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Fox hypes hits to affils - Broadcasting & Cable

Fox hypes hits to affils

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New Orleans -- Fox executives told TV-affiliate-board members the
network thinks it has two winners and potential franchise hits on Friday night
with John Doe and Fastlane.

The network and board executives met Saturday in New Orleans on the eve of
the National Association of Television Programming Executives' convention.

Fastlane was recently moved from Wednesday nights (where it was doing OK,
at best) to Friday to replace the canceled Firefly, where the
network thinks it has a good shot at building a solid audience.

Not unexpectedly, there is a lot of concern among the affiliate ranks about
Fox's ratings drop this season, although affiliate board chairman John Tupper
said most stations realize the network is taking aggressive steps to improve
things

Indeed, Fox has gotten off to a good start in the new year with Joe
Millionaire
, which gave the network a 3-share-point boost on Thursday night
when Fox repeated it there.

"That's the kind of repurposing the affiliates like to see," quipped
Tupper.

This week, the second installment of American Idol: Search for a Superstar kicks off, and Fox is
expecting big ratings from that show, which emerged as last summer's big
hit.

Fox Networks Group president Tony Vinciquerra reaffirmed the network's
commitment to digital programming in the standard 480p (progressive) format, saying, "That's
where the market is today."

He also said the only way digital sets are going to reach critical mass in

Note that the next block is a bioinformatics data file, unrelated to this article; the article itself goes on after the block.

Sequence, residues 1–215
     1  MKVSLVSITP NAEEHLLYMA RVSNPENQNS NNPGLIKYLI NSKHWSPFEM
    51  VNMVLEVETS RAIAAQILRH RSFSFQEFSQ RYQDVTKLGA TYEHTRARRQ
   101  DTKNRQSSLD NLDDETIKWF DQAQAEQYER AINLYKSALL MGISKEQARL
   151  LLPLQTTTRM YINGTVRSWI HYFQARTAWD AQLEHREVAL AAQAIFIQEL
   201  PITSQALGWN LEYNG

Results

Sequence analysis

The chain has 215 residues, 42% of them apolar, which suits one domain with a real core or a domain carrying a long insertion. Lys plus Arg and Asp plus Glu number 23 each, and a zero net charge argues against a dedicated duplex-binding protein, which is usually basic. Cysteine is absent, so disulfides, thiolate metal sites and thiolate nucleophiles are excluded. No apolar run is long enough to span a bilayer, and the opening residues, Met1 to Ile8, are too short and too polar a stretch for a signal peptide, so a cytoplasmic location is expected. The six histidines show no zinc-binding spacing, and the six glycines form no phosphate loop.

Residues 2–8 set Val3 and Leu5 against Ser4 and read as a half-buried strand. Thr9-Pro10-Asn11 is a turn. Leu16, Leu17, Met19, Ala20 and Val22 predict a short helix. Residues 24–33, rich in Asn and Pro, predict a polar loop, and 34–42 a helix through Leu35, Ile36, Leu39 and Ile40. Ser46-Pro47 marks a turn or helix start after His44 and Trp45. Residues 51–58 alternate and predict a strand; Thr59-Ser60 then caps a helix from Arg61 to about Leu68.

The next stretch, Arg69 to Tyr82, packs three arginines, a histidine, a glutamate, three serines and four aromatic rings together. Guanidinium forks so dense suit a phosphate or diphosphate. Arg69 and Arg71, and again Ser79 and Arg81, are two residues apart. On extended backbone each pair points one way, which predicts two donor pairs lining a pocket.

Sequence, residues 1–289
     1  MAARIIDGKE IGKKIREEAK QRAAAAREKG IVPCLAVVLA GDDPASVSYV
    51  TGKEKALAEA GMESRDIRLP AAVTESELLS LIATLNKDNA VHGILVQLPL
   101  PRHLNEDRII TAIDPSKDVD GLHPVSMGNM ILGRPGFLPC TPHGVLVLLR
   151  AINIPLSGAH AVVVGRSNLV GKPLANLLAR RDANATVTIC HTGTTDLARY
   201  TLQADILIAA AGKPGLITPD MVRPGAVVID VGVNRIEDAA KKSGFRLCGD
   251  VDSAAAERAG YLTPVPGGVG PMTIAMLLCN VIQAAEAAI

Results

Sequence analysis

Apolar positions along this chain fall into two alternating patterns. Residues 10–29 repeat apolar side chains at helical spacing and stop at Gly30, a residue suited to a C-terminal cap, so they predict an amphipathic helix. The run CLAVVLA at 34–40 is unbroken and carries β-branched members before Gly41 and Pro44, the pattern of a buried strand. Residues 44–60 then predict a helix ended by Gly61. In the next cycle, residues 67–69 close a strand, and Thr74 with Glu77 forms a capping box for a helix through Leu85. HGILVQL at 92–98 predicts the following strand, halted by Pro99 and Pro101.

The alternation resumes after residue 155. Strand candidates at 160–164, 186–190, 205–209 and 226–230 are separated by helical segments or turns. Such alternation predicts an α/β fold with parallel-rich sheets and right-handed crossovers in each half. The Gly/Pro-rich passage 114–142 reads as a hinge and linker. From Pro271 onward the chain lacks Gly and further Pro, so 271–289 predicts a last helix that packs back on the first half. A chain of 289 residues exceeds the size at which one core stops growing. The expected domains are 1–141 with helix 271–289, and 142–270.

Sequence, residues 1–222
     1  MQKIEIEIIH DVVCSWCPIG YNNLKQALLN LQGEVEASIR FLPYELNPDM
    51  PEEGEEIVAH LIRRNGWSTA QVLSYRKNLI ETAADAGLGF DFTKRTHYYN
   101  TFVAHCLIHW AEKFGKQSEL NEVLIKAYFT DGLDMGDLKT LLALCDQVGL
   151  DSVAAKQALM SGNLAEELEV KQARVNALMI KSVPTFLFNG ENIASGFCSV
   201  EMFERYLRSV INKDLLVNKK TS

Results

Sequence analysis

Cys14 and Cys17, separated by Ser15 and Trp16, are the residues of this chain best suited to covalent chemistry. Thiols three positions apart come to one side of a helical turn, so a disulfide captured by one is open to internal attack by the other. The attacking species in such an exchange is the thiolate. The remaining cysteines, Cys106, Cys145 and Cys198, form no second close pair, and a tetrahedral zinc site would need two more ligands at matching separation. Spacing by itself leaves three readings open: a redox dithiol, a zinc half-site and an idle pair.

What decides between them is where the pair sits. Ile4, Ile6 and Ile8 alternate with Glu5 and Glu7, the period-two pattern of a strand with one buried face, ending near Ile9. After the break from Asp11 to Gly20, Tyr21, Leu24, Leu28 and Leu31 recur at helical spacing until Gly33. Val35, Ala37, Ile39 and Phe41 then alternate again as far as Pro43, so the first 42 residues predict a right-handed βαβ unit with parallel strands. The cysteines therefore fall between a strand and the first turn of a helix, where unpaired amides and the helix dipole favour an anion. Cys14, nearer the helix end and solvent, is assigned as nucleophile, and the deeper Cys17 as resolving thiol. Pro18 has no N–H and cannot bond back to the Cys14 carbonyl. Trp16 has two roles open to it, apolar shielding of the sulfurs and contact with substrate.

the market is if programmers start producing more shows in the digital
format.

He said the network is committed to producing at least one sports event
(including the National Football League, Major League Baseball and the National Association for Stock Car Auto Racing) per week in the wid- screen
digital format.

Fox and the board also talked about news coverage of the war in Iraq.

Stations may find themselves dealing with the network more closely than ever
if war comes to pass.

There have been reports that the Pentagon has established a new policy with
respect to a possible war under which it will only provide information to TV
networks and not TV stations.

That would make stations wholly dependent on their networks for coverage. It
is unclear how such a policy would apply to independent stations with news
operations.

One of the bigger, potentially fractious issues soon facing Fox and its
affiliates -- the renewal of their NFL-exclusivity pact -- was not discussed at
the network affiliate-board meeting, although Fox board members did discuss it
among themselves prior to meeting with the network executives, Tupper said.

That deal expires in June.

There have been earlier preliminary talks between the board and network
executives.

Bob Quicksilver, president of distribution for Fox Broadcasting Co., said he was
optimistic that the two sides would come to an amicable agreement.

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